Covering eight hectares and due for completion in 2018, it includes the Residences Mandarin Oriental Bangkok – the brand’s first apartment project in South East Asia, with 146 waterfront homes on 52 floors – along with the 70-storey Magnolias Waterfront Residences. There will also be two high-end retail complexes on 53 hectares, and attractions including a cultural museum. Like Chao Phraya Estate, it will offer facilities for yachts and water transport.

Other developments on the river include Minor Hotel Group’s Avani Bangkok Riverside, opening by the end of this year opposite the Asiatique night market. The first new-build Avani, the 26-storey property has 249 river-facing rooms and a rooftop bar. Lavish residential complexes such as the 54-storey Menam Residences (due to open 2017) and 57-storey Canapaya (2018) are also under construction.

“There’s certainly been an increase in interest in the river,” Robinson says.

Transport Troubles

So the riverside renaissance has begun, but how successful these plans are and how many visitors will come to stay, shop and even invest may largely depend upon practical solutions to long-standing infrastructure problems.

Logistically, the city’s airport facilities are inhibiting Bangkok’s growth. This is no small problem considering the Tourism Authority of Thailand forecasts 28.8 million visitors this year. Throughput at the airports is more than double that number when transit passengers are included.

The government has announced an upgrade of Suvarnabhumi international airport – which is already operating well in excess of its design capacity of 45 million passengers a year – to include a third runway and two new terminals. With the runway currently undergoing an environmental health assessment and one of the terminals awaiting government approval, timeframes on completion are sketchy at best.

Don Mueang, Bangkok’s low-cost carrier airport and the nation’s second-largest hub, has a capacity of 18.5 million but is also expected to have its Terminal 2 and other facilities upgraded. Combined, the two airports will cope with 120 million passengers a year by 2021, according to Airports of Thailand.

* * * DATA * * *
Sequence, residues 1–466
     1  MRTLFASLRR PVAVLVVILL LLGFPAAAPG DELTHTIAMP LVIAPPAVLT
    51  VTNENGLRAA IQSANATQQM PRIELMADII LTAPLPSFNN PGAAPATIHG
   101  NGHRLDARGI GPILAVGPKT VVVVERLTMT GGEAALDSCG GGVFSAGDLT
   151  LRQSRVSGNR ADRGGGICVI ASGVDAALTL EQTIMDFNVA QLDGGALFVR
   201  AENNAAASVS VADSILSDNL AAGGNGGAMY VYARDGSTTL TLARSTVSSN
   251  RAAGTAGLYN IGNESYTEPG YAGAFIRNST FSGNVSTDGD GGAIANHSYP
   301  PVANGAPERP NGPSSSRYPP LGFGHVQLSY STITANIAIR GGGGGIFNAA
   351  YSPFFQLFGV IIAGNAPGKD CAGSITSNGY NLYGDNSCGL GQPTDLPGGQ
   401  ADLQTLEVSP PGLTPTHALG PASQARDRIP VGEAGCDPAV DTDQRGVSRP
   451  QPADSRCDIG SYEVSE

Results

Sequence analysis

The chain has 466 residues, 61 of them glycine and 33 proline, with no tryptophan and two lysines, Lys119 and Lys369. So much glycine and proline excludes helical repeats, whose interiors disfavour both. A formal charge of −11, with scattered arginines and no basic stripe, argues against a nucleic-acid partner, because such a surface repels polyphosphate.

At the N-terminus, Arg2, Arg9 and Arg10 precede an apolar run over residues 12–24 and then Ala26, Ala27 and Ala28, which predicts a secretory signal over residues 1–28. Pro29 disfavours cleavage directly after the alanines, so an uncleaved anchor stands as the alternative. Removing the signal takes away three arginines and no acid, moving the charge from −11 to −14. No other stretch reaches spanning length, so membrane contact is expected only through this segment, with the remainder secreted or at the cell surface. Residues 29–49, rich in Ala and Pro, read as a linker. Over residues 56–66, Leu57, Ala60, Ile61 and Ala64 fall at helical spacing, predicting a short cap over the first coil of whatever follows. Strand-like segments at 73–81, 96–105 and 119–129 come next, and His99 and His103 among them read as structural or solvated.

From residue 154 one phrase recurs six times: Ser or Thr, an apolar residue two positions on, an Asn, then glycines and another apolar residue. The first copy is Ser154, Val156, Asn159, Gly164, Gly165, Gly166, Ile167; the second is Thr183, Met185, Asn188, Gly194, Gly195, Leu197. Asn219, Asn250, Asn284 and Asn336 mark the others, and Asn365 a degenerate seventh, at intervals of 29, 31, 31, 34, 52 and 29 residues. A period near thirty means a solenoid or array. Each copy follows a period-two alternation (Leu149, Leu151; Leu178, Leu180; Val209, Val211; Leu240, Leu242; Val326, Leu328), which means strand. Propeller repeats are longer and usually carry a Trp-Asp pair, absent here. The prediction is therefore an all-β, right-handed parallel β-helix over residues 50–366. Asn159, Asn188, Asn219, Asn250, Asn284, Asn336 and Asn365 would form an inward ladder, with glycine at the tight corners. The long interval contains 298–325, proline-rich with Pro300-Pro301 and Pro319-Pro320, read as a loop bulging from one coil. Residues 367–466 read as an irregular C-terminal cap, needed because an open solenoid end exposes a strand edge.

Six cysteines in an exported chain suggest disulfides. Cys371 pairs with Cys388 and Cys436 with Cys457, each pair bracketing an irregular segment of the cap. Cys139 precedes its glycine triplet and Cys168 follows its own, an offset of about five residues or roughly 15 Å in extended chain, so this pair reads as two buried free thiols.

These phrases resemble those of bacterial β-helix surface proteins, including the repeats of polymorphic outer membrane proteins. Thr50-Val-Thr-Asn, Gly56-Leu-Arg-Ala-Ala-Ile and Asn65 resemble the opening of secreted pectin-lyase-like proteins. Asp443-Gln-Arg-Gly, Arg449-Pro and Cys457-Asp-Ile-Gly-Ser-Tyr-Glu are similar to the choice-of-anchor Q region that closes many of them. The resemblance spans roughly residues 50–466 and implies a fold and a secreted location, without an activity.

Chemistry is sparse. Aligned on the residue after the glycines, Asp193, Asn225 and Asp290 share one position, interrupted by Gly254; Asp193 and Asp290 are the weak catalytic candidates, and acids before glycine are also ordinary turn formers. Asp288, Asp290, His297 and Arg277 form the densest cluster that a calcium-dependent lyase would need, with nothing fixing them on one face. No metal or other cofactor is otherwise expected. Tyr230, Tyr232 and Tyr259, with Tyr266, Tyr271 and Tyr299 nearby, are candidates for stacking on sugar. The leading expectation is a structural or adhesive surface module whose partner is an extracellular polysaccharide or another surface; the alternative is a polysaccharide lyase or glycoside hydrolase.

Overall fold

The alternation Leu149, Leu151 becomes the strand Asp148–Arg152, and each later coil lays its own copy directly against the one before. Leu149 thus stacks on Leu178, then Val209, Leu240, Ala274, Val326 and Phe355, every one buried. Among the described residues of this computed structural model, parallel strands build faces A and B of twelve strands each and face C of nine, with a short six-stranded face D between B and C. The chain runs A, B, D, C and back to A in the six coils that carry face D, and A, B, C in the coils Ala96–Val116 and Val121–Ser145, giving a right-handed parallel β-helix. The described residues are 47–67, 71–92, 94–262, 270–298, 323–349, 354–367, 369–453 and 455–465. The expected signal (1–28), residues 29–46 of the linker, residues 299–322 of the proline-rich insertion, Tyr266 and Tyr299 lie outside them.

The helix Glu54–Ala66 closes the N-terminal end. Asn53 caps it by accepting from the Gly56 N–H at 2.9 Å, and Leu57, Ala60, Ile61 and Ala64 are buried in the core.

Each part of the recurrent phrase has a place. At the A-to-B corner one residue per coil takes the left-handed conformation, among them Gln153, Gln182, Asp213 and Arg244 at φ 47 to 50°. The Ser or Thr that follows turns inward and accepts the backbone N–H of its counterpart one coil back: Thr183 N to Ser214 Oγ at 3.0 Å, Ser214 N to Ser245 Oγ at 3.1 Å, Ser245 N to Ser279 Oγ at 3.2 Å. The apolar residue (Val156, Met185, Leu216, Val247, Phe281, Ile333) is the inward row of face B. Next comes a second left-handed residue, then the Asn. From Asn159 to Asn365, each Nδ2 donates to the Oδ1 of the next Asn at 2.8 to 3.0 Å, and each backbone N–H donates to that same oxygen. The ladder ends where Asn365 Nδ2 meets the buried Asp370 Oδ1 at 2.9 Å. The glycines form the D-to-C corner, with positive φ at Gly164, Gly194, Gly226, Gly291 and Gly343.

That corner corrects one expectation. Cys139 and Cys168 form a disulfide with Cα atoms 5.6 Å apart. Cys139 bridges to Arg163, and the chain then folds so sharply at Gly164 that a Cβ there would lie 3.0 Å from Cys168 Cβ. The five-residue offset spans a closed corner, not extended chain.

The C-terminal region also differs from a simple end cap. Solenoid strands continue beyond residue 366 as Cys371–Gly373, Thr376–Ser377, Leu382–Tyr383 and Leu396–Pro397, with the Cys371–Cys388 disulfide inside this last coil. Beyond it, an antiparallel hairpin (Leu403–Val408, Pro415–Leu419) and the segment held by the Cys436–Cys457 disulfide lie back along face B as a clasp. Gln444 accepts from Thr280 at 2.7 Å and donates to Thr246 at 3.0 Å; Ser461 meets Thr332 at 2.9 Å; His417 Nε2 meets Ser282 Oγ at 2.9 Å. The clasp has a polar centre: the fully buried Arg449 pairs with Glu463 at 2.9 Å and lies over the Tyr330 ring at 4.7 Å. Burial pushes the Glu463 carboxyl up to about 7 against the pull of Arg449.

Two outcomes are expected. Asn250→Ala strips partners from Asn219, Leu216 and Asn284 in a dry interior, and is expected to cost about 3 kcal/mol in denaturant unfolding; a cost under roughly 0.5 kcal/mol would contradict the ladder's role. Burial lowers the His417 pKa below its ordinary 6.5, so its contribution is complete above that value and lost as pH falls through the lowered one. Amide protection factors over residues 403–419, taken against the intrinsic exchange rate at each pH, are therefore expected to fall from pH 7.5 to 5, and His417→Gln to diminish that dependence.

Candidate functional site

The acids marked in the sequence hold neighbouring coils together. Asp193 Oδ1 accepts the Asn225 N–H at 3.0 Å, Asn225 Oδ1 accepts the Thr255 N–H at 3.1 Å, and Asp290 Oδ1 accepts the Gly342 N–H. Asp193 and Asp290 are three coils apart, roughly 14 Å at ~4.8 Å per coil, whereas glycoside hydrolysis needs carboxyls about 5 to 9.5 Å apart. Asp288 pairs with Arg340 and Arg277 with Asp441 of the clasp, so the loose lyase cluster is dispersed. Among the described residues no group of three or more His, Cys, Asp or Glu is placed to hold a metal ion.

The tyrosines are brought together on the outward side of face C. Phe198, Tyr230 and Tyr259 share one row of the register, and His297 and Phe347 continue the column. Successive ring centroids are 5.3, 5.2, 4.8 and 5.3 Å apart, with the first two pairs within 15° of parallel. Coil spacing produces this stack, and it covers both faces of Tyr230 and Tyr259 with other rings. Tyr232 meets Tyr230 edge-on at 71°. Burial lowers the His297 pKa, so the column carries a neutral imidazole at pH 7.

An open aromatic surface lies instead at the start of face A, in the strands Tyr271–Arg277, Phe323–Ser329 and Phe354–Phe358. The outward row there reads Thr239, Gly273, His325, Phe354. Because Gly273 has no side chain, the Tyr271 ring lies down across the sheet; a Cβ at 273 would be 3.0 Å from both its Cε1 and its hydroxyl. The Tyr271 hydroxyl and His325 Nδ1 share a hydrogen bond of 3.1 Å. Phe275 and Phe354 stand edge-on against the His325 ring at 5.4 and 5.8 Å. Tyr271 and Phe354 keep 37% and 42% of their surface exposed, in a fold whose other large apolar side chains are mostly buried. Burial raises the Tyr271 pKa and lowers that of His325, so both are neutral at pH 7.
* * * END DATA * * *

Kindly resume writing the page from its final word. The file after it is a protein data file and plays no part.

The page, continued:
Another issue for the city is the headache of getting around. Bangkok traffic has been notorious for decades, and although much improved by mass transport initiatives, getting from A to B on the city’s roads can still take hours.

The government’s transport plan, which includes the airport revamps, is in essence patched together from the blueprints of the previous democratically elected governments, and includes an important upgrade for the Airport Rail Link network. This is all part of an eight-year, $90 billion infrastructure investment strategy for 2015-2022 announced last October.

The mass transit railway system for the city and vicinity will be extended substantially with the acceleration of four new lines under construction and at least seven more lines either in the bidding process or awaiting approval – routes that will wind 250 kilometres around the city. A switch to a double-track system for high-speed trains connecting the city with the rest of the country is also a priority.

Need For Speed

Private investment and support will be crucial for all these best-laid plans to come to fruition, as well as the government’s budget disbursement for its own initiatives, as Deputy Prime Minister Pridiyathorn Devakula has admitted. So what do the big developers think?

Taechaubol says: “I think in respect to the large infrastructure projects, [the government] needs to take examples from overseas. There is plenty of private money willing to fund this and capable of funding this. If you wanted to expand eight to 20 lines in one go without spending the government budget you could very easily do that, with controls to ensure concessions.

“The things to me that are holding us back are a lack of clear government direction to seize on our solid foundations and take it to the next level via initiatives that will encourage business and shopping, spending, and a different kind of hospitality experience.”

Thanawan Chaiwatana, Managing Director of Magnolia International Corporation, says: “The government’s plan is quite good, but no matter how much they build, the traffic will still be a problem. There are big plans, but it will take five to 15 years to build everything.”

Still, he sees a bright side. “For the major destinations, the mass transit planning is well covered. It is only a question of how fast we can do it. The issue [for] me is the politics, rather than the capital. If the political stability is quite high, then the plans have a high probability to be executed.”

Whether a caretaker government can successfully steer through an ambitious transport plan and guide the city into its next phase is in question. Perhaps listening to the developers and other stakeholders that are getting it right in areas like Bangkok’s riverfront may be the key.